....The back forty can be a very scenic place to live—but just getting to it—or getting out of it can be a major problem at times. The faint hearted sometimes feel the end of the world is coming when they have to travel a tree-lined logging road out to civili-zation on a wild southeaster night. A recent hurricane force wind on the north end of Vancouver Island top-pled house trailers, tore roofs off homes, caused the evacuation of a small town — and created panic feelings in the hearts of many of its residents in small scattered com-munities. Take the story—and it’s true—of a housewife living in a big sixty foot mobile home. The spike top of a nearby hemlock tree broke off in a high wind—and like a rocket from outer space, pierced the roof of their home and zeroed into the toilet bowl—where it quiveringly stood. The dear lady had but a few moments before vacated the throne and one is left to wonder if she would ere return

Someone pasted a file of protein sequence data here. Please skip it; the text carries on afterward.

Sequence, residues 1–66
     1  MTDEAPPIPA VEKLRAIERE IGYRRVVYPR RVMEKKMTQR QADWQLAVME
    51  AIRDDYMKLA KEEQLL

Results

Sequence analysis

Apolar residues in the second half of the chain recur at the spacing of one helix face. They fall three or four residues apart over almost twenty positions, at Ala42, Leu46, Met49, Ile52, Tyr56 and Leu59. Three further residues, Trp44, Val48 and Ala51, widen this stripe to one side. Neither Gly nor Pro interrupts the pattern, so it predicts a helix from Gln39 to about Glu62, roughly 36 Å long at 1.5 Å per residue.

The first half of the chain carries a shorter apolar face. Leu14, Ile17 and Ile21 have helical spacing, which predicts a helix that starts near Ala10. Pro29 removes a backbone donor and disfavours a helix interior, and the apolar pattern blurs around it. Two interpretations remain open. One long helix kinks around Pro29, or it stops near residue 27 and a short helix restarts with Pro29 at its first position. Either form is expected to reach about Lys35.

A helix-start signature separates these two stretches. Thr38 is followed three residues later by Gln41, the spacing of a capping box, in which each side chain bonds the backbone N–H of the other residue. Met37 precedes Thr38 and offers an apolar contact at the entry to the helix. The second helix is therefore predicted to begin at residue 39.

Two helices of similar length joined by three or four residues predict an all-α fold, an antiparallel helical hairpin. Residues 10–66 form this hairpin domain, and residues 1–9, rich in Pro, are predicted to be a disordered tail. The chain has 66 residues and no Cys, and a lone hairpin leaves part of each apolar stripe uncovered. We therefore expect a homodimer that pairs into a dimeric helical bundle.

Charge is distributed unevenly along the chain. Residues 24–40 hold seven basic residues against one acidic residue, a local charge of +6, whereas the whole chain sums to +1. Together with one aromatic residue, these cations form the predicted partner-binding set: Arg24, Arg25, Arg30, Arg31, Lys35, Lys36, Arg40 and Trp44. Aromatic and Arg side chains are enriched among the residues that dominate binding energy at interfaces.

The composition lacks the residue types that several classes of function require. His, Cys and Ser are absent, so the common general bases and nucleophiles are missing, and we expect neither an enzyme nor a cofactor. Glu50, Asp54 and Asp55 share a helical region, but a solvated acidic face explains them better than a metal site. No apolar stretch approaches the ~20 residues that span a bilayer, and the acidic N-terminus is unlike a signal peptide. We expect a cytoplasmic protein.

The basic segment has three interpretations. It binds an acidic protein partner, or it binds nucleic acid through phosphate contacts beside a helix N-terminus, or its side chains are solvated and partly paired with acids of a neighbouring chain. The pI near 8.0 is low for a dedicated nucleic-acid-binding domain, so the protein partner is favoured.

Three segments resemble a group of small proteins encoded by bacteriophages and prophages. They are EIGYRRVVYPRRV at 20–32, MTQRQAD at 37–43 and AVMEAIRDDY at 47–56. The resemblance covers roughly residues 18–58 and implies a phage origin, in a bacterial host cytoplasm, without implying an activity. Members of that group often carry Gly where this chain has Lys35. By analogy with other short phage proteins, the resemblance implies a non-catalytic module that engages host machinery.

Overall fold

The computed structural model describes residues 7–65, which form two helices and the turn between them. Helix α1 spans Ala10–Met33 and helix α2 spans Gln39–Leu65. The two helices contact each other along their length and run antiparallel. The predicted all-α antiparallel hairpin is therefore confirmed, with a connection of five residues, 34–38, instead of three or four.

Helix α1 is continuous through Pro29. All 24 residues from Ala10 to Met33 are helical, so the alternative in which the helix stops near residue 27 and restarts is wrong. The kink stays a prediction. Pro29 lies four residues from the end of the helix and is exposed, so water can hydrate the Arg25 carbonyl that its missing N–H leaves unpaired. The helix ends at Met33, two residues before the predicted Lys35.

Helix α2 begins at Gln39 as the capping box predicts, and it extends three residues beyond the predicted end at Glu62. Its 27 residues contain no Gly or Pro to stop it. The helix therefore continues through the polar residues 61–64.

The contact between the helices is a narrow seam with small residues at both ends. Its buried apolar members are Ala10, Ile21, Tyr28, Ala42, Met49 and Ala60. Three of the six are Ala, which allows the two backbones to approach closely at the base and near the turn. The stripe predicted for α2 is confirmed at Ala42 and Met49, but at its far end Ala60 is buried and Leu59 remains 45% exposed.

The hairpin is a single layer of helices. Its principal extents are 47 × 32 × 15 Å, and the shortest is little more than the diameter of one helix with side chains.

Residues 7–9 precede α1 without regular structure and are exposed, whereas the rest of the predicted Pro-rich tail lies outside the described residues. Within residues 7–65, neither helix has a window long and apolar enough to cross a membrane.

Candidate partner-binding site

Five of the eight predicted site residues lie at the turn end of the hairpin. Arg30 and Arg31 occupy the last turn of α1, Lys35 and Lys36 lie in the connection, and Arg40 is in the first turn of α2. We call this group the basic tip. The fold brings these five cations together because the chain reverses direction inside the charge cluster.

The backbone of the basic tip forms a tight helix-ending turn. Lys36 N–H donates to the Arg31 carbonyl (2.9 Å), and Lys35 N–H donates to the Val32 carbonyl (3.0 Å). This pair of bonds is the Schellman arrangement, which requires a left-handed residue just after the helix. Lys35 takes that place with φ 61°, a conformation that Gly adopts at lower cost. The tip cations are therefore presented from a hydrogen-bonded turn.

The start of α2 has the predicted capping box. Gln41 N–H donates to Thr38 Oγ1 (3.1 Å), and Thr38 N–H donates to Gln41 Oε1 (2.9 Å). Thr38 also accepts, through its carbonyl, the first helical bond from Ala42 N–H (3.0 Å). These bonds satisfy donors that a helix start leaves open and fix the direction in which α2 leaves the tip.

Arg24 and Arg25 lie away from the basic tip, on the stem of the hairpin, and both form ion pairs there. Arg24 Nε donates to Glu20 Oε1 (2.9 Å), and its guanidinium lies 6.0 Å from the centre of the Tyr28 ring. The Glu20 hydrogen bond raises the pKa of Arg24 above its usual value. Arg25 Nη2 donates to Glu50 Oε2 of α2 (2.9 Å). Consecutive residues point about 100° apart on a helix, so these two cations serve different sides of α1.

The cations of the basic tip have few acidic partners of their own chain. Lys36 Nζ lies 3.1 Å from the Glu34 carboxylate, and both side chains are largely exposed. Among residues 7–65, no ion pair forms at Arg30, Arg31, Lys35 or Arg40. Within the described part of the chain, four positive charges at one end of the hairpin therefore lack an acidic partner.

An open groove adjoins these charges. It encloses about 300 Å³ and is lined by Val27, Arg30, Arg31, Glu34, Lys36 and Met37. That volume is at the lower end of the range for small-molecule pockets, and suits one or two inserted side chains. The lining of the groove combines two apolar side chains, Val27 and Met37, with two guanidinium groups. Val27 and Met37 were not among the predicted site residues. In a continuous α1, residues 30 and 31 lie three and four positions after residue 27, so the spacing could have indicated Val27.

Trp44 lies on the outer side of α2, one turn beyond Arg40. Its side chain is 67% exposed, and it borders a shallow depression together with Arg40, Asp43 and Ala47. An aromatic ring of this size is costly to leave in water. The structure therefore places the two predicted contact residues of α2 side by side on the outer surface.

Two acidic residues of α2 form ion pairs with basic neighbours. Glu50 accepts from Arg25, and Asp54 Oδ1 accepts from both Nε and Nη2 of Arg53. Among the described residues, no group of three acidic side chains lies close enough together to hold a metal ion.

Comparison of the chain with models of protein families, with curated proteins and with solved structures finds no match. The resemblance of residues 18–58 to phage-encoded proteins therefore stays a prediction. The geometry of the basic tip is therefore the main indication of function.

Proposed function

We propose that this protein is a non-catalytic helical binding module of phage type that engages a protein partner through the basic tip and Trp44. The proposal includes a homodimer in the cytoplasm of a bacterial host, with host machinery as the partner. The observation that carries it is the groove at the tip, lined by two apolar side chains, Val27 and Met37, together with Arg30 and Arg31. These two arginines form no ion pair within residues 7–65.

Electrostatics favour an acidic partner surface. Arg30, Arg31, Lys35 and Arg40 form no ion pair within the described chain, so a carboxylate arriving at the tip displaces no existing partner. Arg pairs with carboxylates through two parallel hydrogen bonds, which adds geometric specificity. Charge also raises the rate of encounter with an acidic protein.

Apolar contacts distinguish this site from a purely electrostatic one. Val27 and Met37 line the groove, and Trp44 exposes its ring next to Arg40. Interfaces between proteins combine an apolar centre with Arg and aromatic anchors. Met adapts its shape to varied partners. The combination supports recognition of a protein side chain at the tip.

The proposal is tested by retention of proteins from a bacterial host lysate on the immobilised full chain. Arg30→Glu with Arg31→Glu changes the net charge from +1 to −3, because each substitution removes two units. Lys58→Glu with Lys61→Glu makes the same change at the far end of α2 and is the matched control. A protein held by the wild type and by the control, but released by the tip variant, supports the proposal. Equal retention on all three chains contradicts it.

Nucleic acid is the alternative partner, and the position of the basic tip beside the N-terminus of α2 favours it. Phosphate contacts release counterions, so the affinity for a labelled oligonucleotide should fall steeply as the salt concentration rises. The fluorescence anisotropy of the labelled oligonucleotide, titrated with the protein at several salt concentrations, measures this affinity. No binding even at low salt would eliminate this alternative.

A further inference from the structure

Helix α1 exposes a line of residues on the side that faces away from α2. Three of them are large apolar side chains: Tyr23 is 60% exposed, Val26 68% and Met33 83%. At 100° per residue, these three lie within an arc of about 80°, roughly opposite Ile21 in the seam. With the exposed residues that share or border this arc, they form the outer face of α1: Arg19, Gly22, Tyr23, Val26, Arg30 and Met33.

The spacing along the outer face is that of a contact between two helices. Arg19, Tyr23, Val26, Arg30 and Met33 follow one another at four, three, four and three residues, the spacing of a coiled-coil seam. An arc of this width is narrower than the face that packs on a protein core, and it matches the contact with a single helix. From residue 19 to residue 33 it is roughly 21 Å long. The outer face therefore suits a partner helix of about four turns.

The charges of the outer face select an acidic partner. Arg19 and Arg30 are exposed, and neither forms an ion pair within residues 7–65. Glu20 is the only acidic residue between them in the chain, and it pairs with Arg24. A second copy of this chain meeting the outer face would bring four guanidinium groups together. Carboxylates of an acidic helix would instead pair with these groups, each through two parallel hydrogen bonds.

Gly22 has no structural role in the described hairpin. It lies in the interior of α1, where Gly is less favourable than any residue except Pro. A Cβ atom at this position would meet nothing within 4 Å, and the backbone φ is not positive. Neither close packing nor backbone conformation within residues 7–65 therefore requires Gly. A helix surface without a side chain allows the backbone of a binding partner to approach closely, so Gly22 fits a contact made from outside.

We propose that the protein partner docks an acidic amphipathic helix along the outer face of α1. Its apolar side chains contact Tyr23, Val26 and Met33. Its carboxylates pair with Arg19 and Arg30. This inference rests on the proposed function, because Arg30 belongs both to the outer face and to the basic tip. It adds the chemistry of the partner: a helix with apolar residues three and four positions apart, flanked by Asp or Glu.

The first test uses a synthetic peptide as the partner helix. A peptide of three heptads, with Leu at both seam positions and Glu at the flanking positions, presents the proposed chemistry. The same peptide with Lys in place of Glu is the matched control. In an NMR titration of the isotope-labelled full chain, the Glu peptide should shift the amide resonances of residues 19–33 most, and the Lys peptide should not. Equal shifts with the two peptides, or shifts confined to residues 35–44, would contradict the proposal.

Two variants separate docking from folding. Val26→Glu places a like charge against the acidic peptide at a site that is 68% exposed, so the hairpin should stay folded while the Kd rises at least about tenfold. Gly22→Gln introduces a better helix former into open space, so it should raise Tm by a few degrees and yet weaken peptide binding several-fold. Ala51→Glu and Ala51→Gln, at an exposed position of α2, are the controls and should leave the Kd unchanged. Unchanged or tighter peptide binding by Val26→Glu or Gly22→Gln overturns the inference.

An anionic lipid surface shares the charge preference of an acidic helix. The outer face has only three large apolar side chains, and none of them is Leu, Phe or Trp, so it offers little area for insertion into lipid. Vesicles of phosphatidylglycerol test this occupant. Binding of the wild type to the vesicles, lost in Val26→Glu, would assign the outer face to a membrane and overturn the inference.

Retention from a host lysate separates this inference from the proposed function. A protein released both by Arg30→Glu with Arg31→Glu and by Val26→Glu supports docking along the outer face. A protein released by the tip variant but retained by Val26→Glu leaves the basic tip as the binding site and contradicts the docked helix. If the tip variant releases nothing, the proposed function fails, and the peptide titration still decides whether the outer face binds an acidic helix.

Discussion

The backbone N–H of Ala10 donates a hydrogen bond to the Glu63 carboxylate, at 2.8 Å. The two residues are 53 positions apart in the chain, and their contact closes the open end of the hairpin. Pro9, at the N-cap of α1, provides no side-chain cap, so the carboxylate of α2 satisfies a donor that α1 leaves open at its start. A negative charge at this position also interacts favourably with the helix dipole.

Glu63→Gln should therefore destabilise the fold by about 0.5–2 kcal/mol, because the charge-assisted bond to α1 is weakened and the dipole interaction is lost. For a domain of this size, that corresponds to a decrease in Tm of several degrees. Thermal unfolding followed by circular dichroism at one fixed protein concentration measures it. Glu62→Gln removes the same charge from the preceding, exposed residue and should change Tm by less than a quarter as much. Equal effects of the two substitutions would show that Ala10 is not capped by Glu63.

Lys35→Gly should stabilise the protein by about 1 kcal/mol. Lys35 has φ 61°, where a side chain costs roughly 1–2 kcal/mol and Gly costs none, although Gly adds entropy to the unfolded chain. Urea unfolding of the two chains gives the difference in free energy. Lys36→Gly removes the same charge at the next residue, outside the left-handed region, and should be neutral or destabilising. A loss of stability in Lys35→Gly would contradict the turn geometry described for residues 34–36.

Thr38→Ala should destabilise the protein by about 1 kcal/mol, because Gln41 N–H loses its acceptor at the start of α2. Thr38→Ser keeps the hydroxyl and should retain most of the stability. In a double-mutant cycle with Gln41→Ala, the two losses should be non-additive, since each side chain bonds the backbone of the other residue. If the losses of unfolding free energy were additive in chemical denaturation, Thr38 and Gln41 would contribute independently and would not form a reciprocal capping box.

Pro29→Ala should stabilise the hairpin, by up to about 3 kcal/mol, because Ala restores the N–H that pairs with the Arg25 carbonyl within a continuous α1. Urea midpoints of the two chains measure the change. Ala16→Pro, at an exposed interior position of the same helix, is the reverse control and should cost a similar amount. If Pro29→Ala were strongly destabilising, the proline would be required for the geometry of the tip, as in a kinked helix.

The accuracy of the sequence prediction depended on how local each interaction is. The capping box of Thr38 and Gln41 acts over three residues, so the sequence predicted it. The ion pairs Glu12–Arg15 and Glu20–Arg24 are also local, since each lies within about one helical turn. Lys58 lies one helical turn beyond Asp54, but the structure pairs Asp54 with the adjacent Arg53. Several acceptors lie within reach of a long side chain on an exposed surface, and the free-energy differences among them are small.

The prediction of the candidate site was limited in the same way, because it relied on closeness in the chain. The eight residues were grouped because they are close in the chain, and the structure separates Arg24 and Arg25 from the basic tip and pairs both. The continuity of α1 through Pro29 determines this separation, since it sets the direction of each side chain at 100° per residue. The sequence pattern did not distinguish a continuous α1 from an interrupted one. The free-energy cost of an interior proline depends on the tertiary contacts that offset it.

British Columbia Lumberman, December, 1975

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there again — such is life in the north!
....Television, that new long arm of the media has played a good part in bringing a new amenity to the logging camps. Unfortunately in some cases the number of relay stations and their subsequent vulnerability to storms etc. leaves the back forty viewers with the odd chapter missing in such education features as “Police Baby” or “Too Much Of One Family.” But never-theless the tube has brought the outside world to the inlets and isolation wards of this forest around us. And Hockey Night in Canada never looked better than when it comes in loud and clear to a bunch of loggers in com-munities and camps around the B.C. coast.